Right after God takes the time to reminisce on how he and Israel started off, in Jeremiah 2:4-5 we hear God ramping up to deliver an important and difficult message.
Israel is Asked a Rhetorical Question
God asks this rhetorical question – is it something I did that led you to your present unfaithfulness to me?? He obviously knows that the answer is “no”.
But the question is to be probing for Israel. Has God done something wrong? Is there some sort of iniquity in him that Israel has gone so from him?
Well, of course not. There’s no iniquity in God.
Then – the question goes – why are you walking after vanity, Israel?
Israel Exchanged God for Worthless Idols
The word vanity is the Hebrew hebel. It’s the Preacher’s favorite word in the book of Ecclesiastes. It means emptiness or worthlessness. And in the context of Jeremiah what’s likely is that this refers to the idols that Israel was seeking. The false gods.
In a way, Israel had acted as if God had some sort of defect that would justify them leaving him for another god. But they were making the exchange of the God who is and who lives with one that is just vain and empty.
Israel Forgot God’s Goodness to Them
Israel forgot God and his goodness to them in Jeremiah 2:6.
It’s no small thing that God led the Israelites through the desert wilderness. It is after all “a land that no man passed through and where no man dwelt”. It’s inhospitable. It’s dangerous. There’s no water. There’s usually no food.
And yet God had them – not just pass through it – but remain in it for 40 years. All the while, he sustained them – even in his anger toward their unbelief.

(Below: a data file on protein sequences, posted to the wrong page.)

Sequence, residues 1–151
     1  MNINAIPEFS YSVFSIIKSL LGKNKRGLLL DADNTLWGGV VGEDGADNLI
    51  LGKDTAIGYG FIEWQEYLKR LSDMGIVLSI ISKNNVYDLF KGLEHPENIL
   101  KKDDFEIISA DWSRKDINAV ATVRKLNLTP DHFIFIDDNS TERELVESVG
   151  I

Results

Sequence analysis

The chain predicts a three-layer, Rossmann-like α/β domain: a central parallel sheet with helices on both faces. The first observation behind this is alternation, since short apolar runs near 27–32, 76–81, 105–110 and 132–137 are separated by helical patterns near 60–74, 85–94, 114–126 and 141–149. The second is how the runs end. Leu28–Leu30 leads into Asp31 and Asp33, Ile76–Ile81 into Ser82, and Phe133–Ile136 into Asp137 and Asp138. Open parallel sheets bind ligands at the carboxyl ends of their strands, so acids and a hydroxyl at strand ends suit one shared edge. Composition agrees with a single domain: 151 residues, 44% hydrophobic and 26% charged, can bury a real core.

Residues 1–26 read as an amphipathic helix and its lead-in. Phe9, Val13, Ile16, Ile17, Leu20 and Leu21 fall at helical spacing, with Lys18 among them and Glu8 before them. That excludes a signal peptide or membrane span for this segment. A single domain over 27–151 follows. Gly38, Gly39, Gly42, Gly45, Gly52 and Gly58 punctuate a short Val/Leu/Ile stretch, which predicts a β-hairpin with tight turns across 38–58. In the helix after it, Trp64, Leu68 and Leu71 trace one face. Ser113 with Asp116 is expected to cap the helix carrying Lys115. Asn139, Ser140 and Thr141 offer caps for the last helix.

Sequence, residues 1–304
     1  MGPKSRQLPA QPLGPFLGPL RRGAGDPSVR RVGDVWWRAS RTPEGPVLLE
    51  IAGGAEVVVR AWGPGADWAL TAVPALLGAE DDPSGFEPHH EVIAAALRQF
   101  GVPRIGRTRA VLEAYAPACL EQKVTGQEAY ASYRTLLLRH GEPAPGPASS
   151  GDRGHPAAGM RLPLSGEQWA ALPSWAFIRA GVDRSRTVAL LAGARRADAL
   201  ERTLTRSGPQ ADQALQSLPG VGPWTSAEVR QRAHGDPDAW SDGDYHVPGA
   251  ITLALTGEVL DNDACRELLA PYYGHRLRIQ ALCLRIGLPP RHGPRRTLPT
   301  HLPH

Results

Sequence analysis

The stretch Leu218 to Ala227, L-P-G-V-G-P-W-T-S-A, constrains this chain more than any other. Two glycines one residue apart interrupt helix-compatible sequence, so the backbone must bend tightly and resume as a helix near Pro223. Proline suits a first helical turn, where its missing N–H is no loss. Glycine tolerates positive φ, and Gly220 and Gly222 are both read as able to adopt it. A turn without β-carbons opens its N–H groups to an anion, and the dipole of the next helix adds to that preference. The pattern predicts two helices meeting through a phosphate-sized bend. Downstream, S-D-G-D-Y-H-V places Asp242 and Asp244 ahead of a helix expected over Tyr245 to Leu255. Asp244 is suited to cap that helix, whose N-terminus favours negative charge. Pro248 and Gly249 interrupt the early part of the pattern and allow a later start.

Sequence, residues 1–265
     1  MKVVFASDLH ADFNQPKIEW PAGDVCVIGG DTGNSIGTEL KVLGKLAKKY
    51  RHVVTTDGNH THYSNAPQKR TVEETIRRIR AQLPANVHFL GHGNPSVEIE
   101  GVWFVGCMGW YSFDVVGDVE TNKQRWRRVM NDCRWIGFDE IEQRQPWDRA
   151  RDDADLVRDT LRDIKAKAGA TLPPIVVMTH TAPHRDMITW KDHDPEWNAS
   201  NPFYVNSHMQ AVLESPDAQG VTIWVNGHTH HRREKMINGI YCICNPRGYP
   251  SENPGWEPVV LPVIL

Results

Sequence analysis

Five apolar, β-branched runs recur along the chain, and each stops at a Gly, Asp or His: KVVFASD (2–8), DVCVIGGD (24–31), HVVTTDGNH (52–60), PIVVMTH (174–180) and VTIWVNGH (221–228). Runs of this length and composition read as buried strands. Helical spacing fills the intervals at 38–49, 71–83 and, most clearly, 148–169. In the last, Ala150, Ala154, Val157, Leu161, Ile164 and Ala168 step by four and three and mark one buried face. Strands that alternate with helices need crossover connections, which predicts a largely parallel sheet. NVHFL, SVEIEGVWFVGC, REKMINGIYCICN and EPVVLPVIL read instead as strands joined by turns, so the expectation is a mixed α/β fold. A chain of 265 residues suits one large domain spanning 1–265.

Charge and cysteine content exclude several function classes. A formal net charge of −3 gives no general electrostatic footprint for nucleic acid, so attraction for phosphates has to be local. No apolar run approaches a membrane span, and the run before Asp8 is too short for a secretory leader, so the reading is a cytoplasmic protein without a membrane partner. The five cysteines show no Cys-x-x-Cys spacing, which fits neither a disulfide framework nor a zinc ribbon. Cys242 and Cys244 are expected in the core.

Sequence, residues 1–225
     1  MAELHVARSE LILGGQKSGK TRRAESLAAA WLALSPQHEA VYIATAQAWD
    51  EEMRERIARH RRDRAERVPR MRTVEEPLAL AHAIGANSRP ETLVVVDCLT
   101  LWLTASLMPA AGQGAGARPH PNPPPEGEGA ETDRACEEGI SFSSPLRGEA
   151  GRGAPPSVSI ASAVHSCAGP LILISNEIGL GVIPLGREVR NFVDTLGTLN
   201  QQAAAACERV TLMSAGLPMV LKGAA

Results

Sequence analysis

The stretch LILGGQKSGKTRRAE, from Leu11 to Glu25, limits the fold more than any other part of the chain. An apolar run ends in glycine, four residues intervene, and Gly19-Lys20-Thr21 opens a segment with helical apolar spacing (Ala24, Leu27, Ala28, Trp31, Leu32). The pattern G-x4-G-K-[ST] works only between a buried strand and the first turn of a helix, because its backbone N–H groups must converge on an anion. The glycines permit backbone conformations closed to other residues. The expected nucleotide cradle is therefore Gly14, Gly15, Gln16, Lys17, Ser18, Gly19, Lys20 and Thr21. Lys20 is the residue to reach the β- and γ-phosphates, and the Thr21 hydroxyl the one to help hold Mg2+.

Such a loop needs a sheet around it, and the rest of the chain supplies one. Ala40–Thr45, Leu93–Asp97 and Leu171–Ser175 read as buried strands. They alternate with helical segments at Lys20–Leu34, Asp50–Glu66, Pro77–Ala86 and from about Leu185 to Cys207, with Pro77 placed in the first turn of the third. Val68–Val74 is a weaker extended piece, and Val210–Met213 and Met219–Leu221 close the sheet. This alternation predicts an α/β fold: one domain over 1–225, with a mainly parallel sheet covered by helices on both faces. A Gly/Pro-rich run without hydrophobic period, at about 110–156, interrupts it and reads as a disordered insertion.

So, the ancestors of the Israelites left the God who had brought them through the dangerous wilderness. But God’s deliverance had all been forgotten by the ancestors of the Jews whom God was addressing through Jeremiah.
God Led Israel to a Good Land
And of course in the history of Israel, what came after the exodus and wilderness wanderings was actually entering the Promised Land. And God has something to say about that in Jeremiah 2:7.
So, that’s how the people in general responded to God’s goodness to them in bringing them into the Promised Land.
In Jeremiah 2:8 we see God relating how the leaders responded.
Israel’s Leaders Rejected God
Overall, prophets, priests, and kings all rejected and forsook and forgot about the Lord.
And I see a progression of transgression in this verse.
- We start with not asking for the Lord.
- We move to not knowing the Lord.
- Then there’s transgression and sin against the Lord.
- And finally we have a total transfer of allegiance from the Lord to the false god Baal and the idols associated with him.
God Will Content with Israel
So, because Israel responded to God’s goodness and love with rebellion and mutiny, God says in Jeremiah 2:9 that he will contend with Israel.
God speaks of the grandchildren of the people and how he’s going to contend with them – and not only the people at the time. And that’s the way it actually ended up working.
God gave this message to Jeremiah probably in the time of Josiah. Maybe even at the beginning of Jeremiah’s ministry.
If Jeremiah’s ministry started in about 627 BC and lasted past the fall of Jerusalem in 586 BC, then that’s about 50 years. And in that time, Jeremiah would see these people – and then their children – and then those children’s children. And all of them for the most part are going to rebel against the Lord and earn the Lord’s constant rebuke.
Now, as I said in Jeremiah 2:8 we have this progression of transgression. And really, the terminal point of the sin spoken of there is basically what you could call god-swapping. This was unheard of in ancient times – that a nation would leave its god(s) and adopt others.
And that’s what God focuses on next in Jeremiah 2:10-13 – Israel’s unprecedented God-swapping.